In the early days of growing your business, you'll need to hire a bookkeeper or a controller to manage your books.
But as you grow and scale your business, you might eventually need to bring on a CFO. The mistake to avoid making is thinking is that your controller will make a good CFO. Odds are, they won't.
Let me explain.
The truth is that the skills needed to be a good controller are vastly different than that required of a great CFO--which is something that a lot of entrepreneurs miss, particularly if their gift isn't finance.
A controller's job is to make sure your books are in perfect order. They analyze your accounts and make sure everything that is debited or credited accurately and that there are no mistakes when it comes to the cash inflow and outflow of your business. If you don't have accurate numbers, you might make a bad decision. This is super important and one of the reasons this is an early hire.
A CFO, on the other hand, is more than just a numbers cruncher. He or she is a businessperson--who also has a finance background. While they have a responsibility to ensure that the numbers are accurate, they aren't doing that work themselves--that's the realm of the controller.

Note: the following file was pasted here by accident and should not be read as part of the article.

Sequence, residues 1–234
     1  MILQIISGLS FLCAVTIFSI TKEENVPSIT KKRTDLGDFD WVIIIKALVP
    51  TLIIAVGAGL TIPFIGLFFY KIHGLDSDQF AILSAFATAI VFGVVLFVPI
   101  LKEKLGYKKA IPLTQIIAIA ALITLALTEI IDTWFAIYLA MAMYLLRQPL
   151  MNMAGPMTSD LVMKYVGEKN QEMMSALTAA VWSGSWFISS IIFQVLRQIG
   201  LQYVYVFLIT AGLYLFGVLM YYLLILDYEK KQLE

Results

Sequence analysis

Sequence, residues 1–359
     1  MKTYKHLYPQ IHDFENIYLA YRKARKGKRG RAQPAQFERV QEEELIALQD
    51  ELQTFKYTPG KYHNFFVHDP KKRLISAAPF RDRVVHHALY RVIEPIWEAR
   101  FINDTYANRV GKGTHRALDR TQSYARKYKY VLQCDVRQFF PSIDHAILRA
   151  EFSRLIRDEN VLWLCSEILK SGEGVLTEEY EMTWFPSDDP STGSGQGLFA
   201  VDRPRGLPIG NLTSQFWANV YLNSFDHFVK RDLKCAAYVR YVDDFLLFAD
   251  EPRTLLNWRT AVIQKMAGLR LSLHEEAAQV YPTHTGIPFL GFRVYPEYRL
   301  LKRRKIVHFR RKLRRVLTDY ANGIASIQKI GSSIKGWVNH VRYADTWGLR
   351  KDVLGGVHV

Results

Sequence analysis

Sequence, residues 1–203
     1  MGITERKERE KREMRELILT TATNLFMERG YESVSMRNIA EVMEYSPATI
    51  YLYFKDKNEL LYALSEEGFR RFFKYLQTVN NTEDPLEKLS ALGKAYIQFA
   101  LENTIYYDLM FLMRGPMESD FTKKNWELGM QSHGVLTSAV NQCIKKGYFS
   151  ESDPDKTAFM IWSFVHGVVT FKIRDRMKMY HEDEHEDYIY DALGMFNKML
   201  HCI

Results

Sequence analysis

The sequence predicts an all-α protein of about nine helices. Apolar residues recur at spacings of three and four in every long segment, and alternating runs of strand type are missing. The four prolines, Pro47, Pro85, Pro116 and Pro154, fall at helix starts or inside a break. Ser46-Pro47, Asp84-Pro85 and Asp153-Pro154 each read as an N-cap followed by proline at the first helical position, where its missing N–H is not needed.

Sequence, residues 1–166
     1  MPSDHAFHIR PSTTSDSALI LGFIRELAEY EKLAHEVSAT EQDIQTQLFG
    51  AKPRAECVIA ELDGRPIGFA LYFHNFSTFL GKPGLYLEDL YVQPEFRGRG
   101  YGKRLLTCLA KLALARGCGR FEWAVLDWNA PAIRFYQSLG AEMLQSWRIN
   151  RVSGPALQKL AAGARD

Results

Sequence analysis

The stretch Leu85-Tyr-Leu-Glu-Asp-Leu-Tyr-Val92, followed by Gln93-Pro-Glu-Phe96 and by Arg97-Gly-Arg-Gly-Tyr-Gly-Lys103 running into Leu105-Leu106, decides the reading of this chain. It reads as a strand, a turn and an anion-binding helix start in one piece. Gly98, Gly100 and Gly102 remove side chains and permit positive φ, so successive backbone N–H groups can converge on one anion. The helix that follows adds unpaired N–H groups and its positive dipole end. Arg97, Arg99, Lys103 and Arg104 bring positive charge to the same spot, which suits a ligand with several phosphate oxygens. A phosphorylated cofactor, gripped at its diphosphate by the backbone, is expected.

Rather, the CFO's job is to get at the root stories behind the numbers--to explain why revenue is down, for instance, while profits are up and what to do about it. The CFO is also someone who is far more engaged with the balance sheet of the business. They serve as an adviser to the CEO in terms of deciding if the business is too asset heavy or whether you should be renegotiating your covenants with your bank. The CFO is also focused on the long-term finances of the company in terms of forecasting as well as how the business might fund, say, an acquisition by borrowing or other means.
These are all high-impact duties that most controllers would struggle with. While there are some controllers who can make the leap to taking on the role of a CFO, it's actually a bit rare. Part of the reason is that many controllers don't really understand how the role of CFO differs from that of working heads down on the books. This is particularly true for someone that joined your small company as a bookkeeper, unless they have aggressively developed themselves.
That's why most companies eventually look outside for someone with the experience and skill-set they need when they want to install a CFO.
So if your business is on a fast-growth path, and you're looking for that next level of financial and strategic adviser in your business, don't just automatically promote your controller to that role. Stop and consider if they understand how their job would be different--and if they have the aptitude to make that leap.
If not, then you and your business will be much better off by looking outside to find the ideal CFO.